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How meditation complements self-discovery

By: Dr Claus Springborg, September 2022, Copenhagen

Inquiry and meditation are complementary spiritual practices. Inquiry the practice of self-discovery through rigorous examination of our moment-to-moment experience. This examination is facilitated by carefully crafted questions and thought experiments. The practice of inquiry gives us deep insight into the nature of ourselves and reality.

The advantage of developing insight into the nature of reality is that the better we understand how reality works, the better we get at predicting the results of our actions. In contrast, if we do not understand how reality works, our actions will often seem to backfire. This has been expressed in many religious and philosophical traditions. In Buddhism, it is claimed that suffering comes from the attitudes of clinging or hostility and that these two ways of relating to reality both come from ignorance, i.e. a lack of understanding the nature of that reality. Similarly, the Greek philosopher Socrates claimed that evil deeds always spring from ignorance and that if we develop insight by examining reality, evil will dissolve. 

One of the challenges in inquiry is that our minds are very active and constantly generate “noise” that confuses us. We divide our experience into separate objects – and fail to see how they are intimately connected. We bundle different parts of our experience – and fail to see how independent of each other they really are. We make general rules from experiences that are very context specific. We identify with transient aspects of our experience – and overlook that which is stable. We take unimportant things to be very important – and disregard the important as unimportant. We misinterpret other people’s intentions – and our own. And so on. With all of this going on, it can be difficult to get any insight into the fundamental nature of reality. 

Soothing meditation is the practice of turning your attention away from the turbulence of your thoughts and emotions by focusing it on a meditative object, such as your breath, your belly, a mantra, a yantra, a candle flame, your hands and feet, or a pleasant inner state like compassion, gratitude, grounding, joy, etc.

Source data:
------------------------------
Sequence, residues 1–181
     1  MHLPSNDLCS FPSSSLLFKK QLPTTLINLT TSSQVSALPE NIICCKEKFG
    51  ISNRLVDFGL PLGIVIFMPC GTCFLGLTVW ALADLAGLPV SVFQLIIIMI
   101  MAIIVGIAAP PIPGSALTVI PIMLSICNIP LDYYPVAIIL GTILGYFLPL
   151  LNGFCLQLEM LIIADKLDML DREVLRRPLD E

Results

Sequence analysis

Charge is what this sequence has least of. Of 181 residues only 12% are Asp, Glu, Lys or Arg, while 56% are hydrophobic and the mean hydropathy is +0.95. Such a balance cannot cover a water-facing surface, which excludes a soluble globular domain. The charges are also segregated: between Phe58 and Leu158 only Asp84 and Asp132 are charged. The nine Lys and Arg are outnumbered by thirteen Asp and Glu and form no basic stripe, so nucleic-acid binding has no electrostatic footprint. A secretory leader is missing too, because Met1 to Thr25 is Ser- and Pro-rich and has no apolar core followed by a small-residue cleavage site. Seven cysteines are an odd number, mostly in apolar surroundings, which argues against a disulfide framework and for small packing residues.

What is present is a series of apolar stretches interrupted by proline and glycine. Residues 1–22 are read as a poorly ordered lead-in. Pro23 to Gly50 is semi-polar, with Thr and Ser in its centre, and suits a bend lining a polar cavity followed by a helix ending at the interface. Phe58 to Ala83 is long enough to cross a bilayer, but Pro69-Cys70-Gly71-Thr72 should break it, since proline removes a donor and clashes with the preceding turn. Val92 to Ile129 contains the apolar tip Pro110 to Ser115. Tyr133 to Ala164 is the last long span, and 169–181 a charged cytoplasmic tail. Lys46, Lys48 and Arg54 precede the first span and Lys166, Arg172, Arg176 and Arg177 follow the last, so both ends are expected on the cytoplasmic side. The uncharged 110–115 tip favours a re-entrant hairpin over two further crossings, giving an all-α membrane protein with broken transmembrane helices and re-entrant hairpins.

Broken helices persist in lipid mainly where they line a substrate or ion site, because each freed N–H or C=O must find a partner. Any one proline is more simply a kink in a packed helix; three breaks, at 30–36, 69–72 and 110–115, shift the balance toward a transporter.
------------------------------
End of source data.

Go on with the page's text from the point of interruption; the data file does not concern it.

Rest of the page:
When you do this, your otherwise overactive mind will slowly settle. This is like the dust settling or the fog clearing, and suddenly, you can see everything much clearer. When your mind gets calmer and clearer, inquiry becomes much easier because there is less confusion to obscure your view of reality. 

Meditation is also beneficial in its own right. Researchers have found that it increases your general sense of happiness, helps you deal better with stress, increases a range of cognitive functions, lowers blood pressure, helps you connect with and understand other people, and so on.

Thus, meditation is a great practice. However, there are many common misconceptions about meditation which, if you believe them, can impede your practice.

Two misconceptions about meditation
One common misconception is that to meditate, you should get rid of your thoughts. If you believe this, your meditation becomes a struggle against your thoughts, and failure to get rid of thoughts can lead to a sense of the meditation being a failure and ultimately to giving up meditation altogether. 

However, meditation is not about getting rid of thoughts. You cannot get rid of thoughts. You can, however, be less interested in your thoughts. You can regard them as background noise that you don’t have to pay attention to. You don’t have to pay attention to your thoughts as something interesting you have to follow or as something bad you have to get rid of. As one meditation teacher once said: “There is no need to try to get rid of thought, as there is really no possibility of making it stay”.

Another common misconception is that meditation is supposed to always be pleasant. If you believe this, you may feel that when meditation isn’t pleasant, it means that you are failing, and you may try hard to get rid of the unpleasant feeling and get back to a pleasant one. This will once again turn your meditation into a form of struggle.

However, meditation is about leaving your thoughts and emotions alone. When you do this, you will relax. And when you relax, thoughts and emotions that you otherwise have repressed might come up. And some of these can be quite disturbing. When this happens, it is generally a good sign. Rather than seeing the disturbing thoughts and emotions as something that ruins your meditation practice (and therefore should be gotten rid of), you can see them as thoughts and emotions you have been storing in your body that are now finally leaving you. When you regard disturbing thoughts and emotions in this way, you don’t need to struggle against them. There is nothing you need to do. You can just keep focusing on your meditative object and let the disturbing thoughts and emotions arise and fade without your interference. 

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